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MID-ATLANTIC WEATHER WATCH FOR OCTOBER

Fair and warm (1,2,3) with showers (4,5); fair and mild (6,7,8,9,10,11,12) with rain, heavy in the northern part of the region (13,14,15).  Fair and mild again (16,17,18,19); hurricane from Atlantic, heavy rain, severe STORMS (20,21,22) turning fair and cooler (23,24,25,26,27); more showers, STORMS mainly in the south 28,29,30); fair and cool (31). 

MONTHLY GARDEN ACTIVITIES


BEST DAYS FOR FARM ACTIVITIES 

                                                       


THOUGHT FOR TODAY'S 

LIVING  


"Before you insist on making yourself heard, make sure you have something of importance to say” 

                                                                                      John Gruber  (1768-1857) 

POULTRY NOTES

T

he planting of trees in the poultry yard is very important.  Shade is essential for good poultry raising and every poultry yard should have a shady spot where the chickens can go to get out of the glaring hot summer sun.  

Reprinted from The Almanack of 1918

It is important to keep a bottle of oil of tar on hand.  Then, when a hen’s comb gets to bleeding from some cause, if tar is poured on, is a quick remedy and keeps the others from picking at it and getting a taste of blood. 

From The Almanack of 1968

     Considering building your own chicken coop to save a little money?   Buying a prefabricated coop may be a considerable investment but keep in mind that this would secure your chickens for quite some time and ready-made coops often have better designs and be more cost-efficient. 

     A young turkey poult’s first food should be a high protein ration with around 28% protein.  There are a wide variety of turkey starter feeds or game bird feeds available. This will fuel their fast growth. 

TIPS ON RAISING GEESE

     When purchasing young geese, make sure that none of them show signs of feather-picking or ill-health. If one gosling in the batch has been pecked, don’t buy any of them.  The ones that are unpecked are the ones who did the pecking and likely to continue.

      Geese need a big bucket of clean water every day. They have to be able to immerse their heads in it.  Make sure the bucket is secure or they will tip it over and never give them water in anything large enough for them to get into it.  If they do, they defecate in it.  

   If you need to contain your flock of geese, you can use sheep fencing which is about 4’ high. They can easily fly over it if they want to but usually don’t bother.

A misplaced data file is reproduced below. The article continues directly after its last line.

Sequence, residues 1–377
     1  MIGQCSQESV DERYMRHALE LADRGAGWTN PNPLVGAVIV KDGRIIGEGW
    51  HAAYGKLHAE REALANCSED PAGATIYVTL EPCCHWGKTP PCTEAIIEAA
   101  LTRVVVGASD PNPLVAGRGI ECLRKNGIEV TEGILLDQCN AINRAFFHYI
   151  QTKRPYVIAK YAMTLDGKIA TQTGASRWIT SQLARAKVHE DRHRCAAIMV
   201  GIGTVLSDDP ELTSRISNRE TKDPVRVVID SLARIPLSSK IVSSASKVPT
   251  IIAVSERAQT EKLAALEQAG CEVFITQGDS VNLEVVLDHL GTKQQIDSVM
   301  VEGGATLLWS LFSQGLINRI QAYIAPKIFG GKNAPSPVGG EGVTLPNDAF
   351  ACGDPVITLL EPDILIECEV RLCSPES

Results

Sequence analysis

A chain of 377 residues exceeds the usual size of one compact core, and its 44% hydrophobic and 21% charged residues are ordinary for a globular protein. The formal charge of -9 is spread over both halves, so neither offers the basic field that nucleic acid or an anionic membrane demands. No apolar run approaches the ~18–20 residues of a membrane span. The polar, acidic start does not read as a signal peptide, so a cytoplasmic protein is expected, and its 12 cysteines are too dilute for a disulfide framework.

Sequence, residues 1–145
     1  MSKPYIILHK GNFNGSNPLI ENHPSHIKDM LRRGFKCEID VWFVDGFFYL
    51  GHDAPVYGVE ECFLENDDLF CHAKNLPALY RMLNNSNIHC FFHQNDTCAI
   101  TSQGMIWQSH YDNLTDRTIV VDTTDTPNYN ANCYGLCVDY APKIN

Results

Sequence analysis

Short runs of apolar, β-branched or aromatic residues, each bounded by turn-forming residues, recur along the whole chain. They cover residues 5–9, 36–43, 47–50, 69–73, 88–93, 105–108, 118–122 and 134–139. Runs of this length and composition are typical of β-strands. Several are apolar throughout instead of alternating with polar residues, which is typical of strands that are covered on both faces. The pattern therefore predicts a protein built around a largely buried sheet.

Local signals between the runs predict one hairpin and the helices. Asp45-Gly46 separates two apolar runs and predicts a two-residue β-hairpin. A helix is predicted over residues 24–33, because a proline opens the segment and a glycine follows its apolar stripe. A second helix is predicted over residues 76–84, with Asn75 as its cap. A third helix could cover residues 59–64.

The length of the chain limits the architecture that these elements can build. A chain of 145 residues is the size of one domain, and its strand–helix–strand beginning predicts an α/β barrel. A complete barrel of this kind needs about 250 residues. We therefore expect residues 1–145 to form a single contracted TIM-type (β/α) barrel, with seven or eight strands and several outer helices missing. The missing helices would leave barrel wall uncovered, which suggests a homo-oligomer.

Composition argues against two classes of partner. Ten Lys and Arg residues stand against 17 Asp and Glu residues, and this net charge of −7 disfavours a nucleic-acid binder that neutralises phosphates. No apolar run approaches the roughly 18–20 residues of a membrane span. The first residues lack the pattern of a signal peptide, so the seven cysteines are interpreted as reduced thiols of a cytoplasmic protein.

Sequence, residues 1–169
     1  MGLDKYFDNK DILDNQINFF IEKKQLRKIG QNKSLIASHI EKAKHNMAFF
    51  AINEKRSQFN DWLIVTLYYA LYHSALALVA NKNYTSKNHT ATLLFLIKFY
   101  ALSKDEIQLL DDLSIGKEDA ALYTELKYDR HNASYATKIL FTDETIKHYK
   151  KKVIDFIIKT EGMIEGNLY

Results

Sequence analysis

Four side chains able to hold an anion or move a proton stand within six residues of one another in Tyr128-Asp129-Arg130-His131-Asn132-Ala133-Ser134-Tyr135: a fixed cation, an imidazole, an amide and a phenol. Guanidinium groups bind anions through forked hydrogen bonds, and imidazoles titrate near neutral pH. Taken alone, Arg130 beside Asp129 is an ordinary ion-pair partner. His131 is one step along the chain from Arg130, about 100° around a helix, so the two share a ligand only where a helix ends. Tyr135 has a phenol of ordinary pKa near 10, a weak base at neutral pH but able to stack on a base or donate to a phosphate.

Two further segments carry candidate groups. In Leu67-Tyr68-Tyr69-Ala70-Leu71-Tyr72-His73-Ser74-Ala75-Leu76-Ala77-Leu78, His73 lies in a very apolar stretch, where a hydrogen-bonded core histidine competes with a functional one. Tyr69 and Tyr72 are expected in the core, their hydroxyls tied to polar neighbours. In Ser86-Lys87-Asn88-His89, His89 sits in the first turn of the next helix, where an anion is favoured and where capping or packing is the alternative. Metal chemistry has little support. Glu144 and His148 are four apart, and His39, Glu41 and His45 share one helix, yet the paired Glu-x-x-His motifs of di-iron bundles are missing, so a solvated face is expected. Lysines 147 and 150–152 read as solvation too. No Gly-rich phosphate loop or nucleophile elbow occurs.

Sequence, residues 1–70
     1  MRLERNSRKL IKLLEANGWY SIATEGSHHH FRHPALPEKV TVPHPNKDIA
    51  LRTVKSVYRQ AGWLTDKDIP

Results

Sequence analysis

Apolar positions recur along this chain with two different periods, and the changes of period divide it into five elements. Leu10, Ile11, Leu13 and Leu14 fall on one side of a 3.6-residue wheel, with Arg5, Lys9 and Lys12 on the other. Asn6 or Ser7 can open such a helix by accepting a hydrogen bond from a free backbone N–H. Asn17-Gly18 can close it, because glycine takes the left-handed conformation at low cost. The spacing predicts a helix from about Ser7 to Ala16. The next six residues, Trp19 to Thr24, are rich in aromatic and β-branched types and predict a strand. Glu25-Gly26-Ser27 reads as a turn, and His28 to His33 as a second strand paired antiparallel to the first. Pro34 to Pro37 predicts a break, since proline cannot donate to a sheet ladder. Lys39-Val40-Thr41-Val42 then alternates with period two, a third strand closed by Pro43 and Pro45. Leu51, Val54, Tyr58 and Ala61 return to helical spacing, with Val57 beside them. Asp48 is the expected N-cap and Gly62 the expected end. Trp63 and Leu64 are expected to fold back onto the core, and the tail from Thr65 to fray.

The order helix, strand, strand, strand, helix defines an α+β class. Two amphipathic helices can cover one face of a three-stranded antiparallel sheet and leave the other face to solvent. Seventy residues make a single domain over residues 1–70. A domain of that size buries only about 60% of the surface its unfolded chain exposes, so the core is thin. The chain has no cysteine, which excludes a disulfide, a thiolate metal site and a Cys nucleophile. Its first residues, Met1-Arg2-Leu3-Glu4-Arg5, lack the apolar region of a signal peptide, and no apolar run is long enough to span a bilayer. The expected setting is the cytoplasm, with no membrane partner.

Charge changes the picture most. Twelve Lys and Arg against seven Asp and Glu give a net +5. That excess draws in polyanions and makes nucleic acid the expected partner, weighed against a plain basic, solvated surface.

Ducks do not need perches.  They do not roost on a bar like chickens. 

     Providing ample straw for ducks is vital and it is best to pile in the corners of the coop.  This will encourage the hens to lay eggs there, thus keeping the eggs out of high-traffic area and much cleaner. 

FEED YOUR CHICKENS RIGHT

     To make sure that the chickens are eating properly, install a feeder in the coop.  There will be way less waste. 

    Consider the fact that different chicken breeds have different appetites and you have to be sure you are not feeding them too much or too little. 

      Chicken appetites are affected by the seasons. In the hotter months the chicken can consume less food while in the winter months, chicken tend to eat more. Consider these appetite fluctuations to better manage your feeding patterns and volume.

     Of course, the best ways to feed chickens is to just let them loose, allowing them to feed off the land.  This is a good option especially if you have a sizable pasture or backyard.  It can significantly reduce the expense of feed. When organic feeds are used as a supplement, you will be sure to have an organic chicken that will provide healthier eggs and meat.

     Apply an anti-mite solution liberally throughout the chicken coop during winter.  This will keep parasites in control in the cold months when the hens are mostly confined inside the coop.

     Chickens will not drink as much water as they need if the water is soiled and murky. This will surely lead to dehydration and can make the chickens sick or die in a very short time.

Soiled bedding from the coop is a great source of natural fertilizer. Use it to fertilize your vegetable patch.